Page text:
Adam Lanza, Bryan Ferry, Entitlement, Gun Control Debate, Gun Obsession, Gun Violence, Handguns, Mass Murder, Mass Shootings, Media Coverage, Mental Illness, Misconceptions, Newtown Connecticut, Newtown Shooting, President Barack Obama, Sandy Hook Elementary School, Second Amendment, Tragedy, Video Games
One thing that I can say about myself with confidence is that I’ve had some experience with violence and tragedy. A witness to domestic violence, a victim of child abuse, an observer of violent assaults involving knives and baseball bats. Knowing a couple of folks who committed suicide — one who jumped on my side of the office building in which I worked a decade ago — and watching a former boss flip out from a manic-depressive episode right in front of me.
Still, even with all of that experience, I don’t know anything about being the parent of a child killed in the midst of a mass shooting like the one at Sandy Hook Elementary School in Newtown, Connecticut. I can only begin to imagine that kind of grief, pain and anger.
So, it’s with that in mind that I write about the things that have been said by journalists, parents, politicians and others about this latest tragedy that have really bothered me. Despite the core-shaking event in Newtown last week, apparently there are people in this country who believe in guns more than people, who believe that some lives are worth more than others, that people with mental health issues are the perpetrators of most violent crimes. These people are wrong, wrong-headed, and the kind of people who seemingly want to steal my hope that we’ll do something serious about guns and gun violence in the US.
1. The “I can’t believe that this happened here” response. Every time I hear someone say something like this, I think, “So it’s all right if a mass shooting happens in Mogadishu, Harlem or Southeast DC?” It’s one of the most entitled, elitist and bigoted things I’ve heard over the years. Tragedy happens everywhere, especially in a nation as fearful, violent, imperialistic and gun-obsessed as ours. And people’s lives are invariably screwed up by tragic events, regardless of race or location. Whether in a mostly White bedroom suburb like Newtown or on the South Side of Chicago.
2. “If the teachers and principal had been armed, this wouldn’t have happened” response. Really now? Folks whose job it is to teach should walk around with or have handy a handgun on the rare chance someone like Adam Lanza shows up? Gun enthusiasts can say this a billion times a day. But more people with guns doesn’t make anyone any safer. There’s about a generation’s worth of research showing this very fact. End of discussion.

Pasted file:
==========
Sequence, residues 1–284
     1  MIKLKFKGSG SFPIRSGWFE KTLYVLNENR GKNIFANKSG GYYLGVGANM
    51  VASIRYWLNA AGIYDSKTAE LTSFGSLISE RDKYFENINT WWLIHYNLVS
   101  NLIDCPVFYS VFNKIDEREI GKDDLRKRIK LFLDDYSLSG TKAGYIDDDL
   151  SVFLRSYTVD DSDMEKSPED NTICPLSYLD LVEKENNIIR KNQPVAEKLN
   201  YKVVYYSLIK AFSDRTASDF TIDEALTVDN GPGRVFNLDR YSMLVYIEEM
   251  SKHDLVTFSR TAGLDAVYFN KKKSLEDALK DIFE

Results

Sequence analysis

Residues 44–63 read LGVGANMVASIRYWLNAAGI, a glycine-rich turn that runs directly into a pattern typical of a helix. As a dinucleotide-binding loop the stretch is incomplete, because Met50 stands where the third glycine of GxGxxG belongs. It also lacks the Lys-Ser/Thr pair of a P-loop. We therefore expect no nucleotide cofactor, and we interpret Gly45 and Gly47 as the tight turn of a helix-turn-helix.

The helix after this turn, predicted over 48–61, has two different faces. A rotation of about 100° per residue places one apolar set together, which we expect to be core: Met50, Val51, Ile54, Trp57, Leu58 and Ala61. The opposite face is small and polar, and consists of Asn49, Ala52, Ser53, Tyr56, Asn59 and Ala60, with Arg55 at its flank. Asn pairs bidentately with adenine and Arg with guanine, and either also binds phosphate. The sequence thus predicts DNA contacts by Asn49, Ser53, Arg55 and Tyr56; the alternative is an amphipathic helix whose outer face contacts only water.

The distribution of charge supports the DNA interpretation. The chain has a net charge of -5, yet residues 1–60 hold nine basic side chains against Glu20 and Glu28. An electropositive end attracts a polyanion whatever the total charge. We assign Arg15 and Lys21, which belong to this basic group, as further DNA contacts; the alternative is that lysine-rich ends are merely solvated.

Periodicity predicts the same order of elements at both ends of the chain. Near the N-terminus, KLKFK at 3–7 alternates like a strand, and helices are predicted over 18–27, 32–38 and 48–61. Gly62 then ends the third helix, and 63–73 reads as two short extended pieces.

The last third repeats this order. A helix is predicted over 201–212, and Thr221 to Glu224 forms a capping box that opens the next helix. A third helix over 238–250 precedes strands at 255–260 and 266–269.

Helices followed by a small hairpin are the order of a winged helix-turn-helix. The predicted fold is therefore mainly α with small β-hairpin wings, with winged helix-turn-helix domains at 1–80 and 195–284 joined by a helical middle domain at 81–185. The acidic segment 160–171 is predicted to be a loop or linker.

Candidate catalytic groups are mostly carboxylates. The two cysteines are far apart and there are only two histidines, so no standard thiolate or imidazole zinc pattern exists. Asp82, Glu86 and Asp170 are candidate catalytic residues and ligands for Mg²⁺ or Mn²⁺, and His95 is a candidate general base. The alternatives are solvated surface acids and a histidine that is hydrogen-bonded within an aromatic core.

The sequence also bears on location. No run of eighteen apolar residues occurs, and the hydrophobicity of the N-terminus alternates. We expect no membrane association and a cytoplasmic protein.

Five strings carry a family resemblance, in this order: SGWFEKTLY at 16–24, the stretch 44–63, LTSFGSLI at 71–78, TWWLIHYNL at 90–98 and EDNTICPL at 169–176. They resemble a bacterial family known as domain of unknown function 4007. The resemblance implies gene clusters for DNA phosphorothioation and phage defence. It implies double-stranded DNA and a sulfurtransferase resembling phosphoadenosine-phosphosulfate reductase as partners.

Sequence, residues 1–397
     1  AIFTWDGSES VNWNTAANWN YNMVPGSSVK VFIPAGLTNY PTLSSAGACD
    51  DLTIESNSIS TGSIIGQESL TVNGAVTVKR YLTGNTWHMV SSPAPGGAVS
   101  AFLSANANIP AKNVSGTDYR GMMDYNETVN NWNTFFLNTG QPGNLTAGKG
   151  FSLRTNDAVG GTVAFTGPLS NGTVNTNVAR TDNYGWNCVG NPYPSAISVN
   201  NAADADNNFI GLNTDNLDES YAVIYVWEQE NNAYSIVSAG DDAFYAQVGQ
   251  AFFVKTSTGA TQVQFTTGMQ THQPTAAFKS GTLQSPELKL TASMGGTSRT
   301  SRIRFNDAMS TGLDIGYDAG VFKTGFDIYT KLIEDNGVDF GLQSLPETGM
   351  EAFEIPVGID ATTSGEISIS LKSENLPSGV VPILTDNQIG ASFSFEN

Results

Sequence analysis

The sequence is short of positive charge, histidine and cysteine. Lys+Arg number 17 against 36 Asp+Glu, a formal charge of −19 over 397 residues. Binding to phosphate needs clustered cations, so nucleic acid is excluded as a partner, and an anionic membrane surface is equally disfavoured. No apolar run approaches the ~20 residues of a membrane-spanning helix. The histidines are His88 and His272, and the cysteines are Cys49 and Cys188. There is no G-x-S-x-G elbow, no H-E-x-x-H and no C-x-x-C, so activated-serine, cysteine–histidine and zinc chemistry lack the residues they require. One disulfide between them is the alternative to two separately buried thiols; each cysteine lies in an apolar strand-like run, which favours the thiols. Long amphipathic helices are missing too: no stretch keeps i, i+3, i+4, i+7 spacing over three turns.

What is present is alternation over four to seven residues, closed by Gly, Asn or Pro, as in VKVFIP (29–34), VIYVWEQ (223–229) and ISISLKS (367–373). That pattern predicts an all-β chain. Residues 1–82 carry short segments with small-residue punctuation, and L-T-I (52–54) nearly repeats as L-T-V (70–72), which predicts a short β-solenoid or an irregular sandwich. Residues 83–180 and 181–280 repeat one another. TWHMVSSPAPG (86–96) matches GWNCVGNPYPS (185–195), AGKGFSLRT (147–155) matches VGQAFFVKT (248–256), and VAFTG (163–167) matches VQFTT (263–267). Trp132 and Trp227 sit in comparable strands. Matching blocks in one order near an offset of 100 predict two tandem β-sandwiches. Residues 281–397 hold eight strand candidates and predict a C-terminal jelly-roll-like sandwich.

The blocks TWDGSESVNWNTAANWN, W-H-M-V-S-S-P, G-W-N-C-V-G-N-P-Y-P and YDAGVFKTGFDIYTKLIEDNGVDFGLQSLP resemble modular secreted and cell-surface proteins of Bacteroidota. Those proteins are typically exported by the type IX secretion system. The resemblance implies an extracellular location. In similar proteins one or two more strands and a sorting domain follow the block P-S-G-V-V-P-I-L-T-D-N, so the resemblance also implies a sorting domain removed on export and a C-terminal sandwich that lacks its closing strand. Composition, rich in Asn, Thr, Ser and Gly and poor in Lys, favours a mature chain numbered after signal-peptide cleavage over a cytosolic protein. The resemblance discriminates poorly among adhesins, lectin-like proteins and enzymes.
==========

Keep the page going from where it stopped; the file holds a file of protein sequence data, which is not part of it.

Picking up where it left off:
3. “We need to get rid of violent video games” response. This is ludicrous. American history is replete with mass murders and mass shootings, from White “settlers” decimating American Indians to the Rosewood, Florida race riot of 1923 to Charles Whitman shooting and killing fourteen during his University of Texas clock tower rampage in 1966. Last I checked, Mortal Kombat and Halo 4 didn’t exist in 1877, 1923 or 1966. Violent video games aren’t the problem. Our violent obsession with guns and supremacy in life is the problem.
4. “We need a better mental health system in this country” response. This one is actually correct. At least, it mostly is. The assumption here, of course, is that people somehow snap in the process of taking their own and others lives without a coherent rationale. Psychological screenings (see my post “A Call for Psychological Screenings” from September ’12) and backgrounds checks with 100 hours of mandatory gun training would definitely help. But the vast majority of people with mental illness are NOT violent. There are plenty of “normal” folks who are anti-social, have borderline personalities, are psychotic, but function normally in our society. Until the day they get a hold of a gun or some other weapon, that is. Those folks, though, would likely not test as having a mental illness.
We need much tougher gun control laws, a total assault weapons ban, regulations on bullets sales, maybe even a repeal of the Second Amendment. We certainly need a system that promotes comprehensive mental health services from birth through death. But right now, we also need to stop engaging in clichés, to get the story right before reporting it first (hint, CNN), to step outside of our cloistered and entitled way of viewing the world. Newtown’s calling, but for me, so is Mount Vernon, New York, Littleton, Colorado, New Orleans, Washington, DC, Silver Spring, Maryland, Aurora, Colorado, Norway, Afghanistan, Pakistan and so many other parts of this world that have experienced violent tragedies.